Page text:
But Romanovsky said the hole doesn't look like a typical collapsed pingo; such features usually form from larger mounds that slowly cave in over a period of decades, with all the material falling inside.
From the photo of the Yamal crater, "it's obvious that some material was ejected from the hole," Romanovsky said. His Russian colleagues who visited the site told him the dirt was piled more than 3 feet (1 m) high around the hole's edges.
The crater's formation probably began in a similar way to that of a sinkhole, where water (in this case, melted ice or permafrost) collects in an underground cavity, Romanovsky said. But instead of the roof of the cavity collapsing, something different occurred. Pressure built up, possibly from natural gas (methane), eventually spewing out a slurry of dirt as the ground sunk away. Anna Kurchatova, a scientist at the Sub-Arctic Scientific Research Center in Russia, made a similar observation to The Siberian Times.
The photo of the crater rim shows some vegetation that does not appear freshly grown, which suggests the hole may be several years old, Yoshikawa said. Romanovsky said it might be more recent, but investigators will need to look at archived high-resolution satellite images to pin down exactly when the crater appeared.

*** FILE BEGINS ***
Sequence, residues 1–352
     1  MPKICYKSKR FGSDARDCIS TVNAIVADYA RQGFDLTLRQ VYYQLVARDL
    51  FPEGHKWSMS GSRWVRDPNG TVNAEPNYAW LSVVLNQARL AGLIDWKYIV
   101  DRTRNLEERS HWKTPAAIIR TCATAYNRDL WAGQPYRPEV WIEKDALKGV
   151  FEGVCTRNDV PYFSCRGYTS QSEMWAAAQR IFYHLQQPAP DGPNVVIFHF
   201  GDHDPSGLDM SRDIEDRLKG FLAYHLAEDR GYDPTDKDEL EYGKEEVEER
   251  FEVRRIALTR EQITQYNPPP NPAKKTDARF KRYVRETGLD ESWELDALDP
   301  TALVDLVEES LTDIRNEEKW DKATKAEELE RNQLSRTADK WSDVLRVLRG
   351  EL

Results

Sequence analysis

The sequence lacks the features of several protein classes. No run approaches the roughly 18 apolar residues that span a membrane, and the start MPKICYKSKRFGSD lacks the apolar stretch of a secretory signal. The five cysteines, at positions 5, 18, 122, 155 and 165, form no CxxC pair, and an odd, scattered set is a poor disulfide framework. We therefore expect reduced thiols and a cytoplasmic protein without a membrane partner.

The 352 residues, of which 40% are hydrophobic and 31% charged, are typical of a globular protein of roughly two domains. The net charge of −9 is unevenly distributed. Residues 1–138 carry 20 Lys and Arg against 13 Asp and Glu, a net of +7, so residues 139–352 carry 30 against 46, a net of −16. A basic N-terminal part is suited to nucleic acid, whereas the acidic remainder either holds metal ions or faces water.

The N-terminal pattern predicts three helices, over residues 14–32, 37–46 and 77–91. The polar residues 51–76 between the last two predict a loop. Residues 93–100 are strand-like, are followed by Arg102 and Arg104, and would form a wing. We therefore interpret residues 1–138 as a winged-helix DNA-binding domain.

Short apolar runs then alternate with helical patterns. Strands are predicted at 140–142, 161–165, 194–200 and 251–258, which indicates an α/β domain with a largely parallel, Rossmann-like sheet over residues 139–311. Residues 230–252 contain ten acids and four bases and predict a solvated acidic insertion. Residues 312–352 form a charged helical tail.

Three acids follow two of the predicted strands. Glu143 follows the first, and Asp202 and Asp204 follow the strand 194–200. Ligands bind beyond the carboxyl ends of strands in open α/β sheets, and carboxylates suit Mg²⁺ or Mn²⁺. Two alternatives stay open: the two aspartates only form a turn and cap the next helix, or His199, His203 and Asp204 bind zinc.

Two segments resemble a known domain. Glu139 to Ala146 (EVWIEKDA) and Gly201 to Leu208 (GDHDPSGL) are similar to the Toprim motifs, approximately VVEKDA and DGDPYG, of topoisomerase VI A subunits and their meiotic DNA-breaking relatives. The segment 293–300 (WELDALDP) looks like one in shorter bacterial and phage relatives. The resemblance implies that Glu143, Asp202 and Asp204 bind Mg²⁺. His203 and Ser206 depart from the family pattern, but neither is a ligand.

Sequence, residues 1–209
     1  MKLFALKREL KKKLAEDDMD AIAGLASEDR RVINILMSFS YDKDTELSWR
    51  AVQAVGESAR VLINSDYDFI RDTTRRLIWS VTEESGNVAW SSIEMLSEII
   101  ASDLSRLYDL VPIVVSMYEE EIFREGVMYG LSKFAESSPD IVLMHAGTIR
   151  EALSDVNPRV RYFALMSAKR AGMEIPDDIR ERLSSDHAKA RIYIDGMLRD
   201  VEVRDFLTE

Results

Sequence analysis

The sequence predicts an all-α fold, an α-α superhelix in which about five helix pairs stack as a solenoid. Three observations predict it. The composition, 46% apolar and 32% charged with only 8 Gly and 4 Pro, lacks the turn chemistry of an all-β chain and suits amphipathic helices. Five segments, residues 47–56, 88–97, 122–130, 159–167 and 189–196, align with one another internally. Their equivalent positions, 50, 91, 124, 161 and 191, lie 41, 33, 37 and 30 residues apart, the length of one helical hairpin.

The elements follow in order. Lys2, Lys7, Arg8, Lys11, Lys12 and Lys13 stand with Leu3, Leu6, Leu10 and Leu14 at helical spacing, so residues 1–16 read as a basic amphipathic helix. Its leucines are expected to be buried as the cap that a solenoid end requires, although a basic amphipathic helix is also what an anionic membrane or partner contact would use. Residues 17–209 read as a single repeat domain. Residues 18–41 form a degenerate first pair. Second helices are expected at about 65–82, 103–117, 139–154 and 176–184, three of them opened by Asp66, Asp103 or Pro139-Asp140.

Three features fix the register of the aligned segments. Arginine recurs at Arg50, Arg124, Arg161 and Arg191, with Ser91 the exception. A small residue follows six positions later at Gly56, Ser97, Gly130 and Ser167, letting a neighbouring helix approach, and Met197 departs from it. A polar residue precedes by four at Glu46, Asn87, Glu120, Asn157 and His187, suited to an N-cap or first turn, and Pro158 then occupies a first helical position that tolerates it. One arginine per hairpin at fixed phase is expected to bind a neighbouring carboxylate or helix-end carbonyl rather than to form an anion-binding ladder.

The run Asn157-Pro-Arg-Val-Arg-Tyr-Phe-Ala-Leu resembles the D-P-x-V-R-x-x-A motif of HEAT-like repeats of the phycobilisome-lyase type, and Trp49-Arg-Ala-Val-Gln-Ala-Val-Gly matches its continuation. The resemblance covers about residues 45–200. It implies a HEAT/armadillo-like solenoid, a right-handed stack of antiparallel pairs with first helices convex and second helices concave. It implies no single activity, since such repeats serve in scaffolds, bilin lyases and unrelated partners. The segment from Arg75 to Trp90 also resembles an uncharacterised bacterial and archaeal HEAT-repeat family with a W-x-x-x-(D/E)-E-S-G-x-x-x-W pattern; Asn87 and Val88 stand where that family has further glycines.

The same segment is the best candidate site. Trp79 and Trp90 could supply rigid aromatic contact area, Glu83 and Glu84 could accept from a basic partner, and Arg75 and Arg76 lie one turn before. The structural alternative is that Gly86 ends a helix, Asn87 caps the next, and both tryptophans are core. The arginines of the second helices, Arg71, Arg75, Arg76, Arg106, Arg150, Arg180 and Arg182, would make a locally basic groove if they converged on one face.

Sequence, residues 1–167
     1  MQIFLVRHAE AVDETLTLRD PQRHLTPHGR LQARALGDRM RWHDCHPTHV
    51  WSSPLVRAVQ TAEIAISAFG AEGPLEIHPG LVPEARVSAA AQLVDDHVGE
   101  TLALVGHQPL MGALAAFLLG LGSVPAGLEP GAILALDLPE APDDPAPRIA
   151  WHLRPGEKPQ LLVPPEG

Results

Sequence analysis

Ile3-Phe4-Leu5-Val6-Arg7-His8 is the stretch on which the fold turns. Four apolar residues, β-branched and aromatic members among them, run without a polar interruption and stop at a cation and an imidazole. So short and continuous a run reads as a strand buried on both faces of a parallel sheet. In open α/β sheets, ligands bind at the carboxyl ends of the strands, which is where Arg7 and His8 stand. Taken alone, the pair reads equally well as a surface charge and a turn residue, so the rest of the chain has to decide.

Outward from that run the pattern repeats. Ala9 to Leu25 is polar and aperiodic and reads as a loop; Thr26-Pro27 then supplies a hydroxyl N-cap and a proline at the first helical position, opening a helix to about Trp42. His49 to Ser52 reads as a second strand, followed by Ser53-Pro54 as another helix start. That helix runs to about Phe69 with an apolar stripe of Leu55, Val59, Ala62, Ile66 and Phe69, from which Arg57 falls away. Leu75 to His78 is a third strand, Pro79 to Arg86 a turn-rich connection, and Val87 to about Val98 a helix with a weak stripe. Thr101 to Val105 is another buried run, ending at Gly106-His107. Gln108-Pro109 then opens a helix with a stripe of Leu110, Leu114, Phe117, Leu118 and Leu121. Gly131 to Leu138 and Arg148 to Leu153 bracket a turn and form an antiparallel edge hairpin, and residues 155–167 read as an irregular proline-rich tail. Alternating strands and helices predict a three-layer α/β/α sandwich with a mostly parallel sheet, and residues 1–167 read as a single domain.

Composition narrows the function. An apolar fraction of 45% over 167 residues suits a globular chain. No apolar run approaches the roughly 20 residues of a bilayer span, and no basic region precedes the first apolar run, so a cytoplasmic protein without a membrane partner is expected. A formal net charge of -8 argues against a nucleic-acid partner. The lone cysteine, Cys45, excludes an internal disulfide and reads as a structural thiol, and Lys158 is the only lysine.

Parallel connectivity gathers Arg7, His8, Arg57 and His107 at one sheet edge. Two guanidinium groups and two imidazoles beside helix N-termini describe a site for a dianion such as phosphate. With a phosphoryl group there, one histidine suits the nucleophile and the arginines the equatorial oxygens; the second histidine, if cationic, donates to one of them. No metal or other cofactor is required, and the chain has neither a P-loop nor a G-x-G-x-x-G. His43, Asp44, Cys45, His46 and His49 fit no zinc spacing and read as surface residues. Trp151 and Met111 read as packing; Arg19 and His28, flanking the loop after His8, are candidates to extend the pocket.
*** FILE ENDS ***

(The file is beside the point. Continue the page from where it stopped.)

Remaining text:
And many other questions remain: If a sinkhole erupted material, why is the hole's border so round and even? Would there be enough gas to fuel such an eruption, and where did such gas come from?
This part of Siberia contains deep gas fields, and it also contains a lot of small lakes, which formed between 4,000 and 10,000 years ago when the climate was warmer, Romanovsky said. Perhaps these odd holes developed in the same way that sinkholes did, but later expanded.
Domes of natural gas also exist in the United States, located east ofthe Sagavanirktok River in Alaska's North Slope Borough.
The development of permafrost sinkholes could be one indication of global warming, Romanovsky. "If so, we will probably see this happen more often now."
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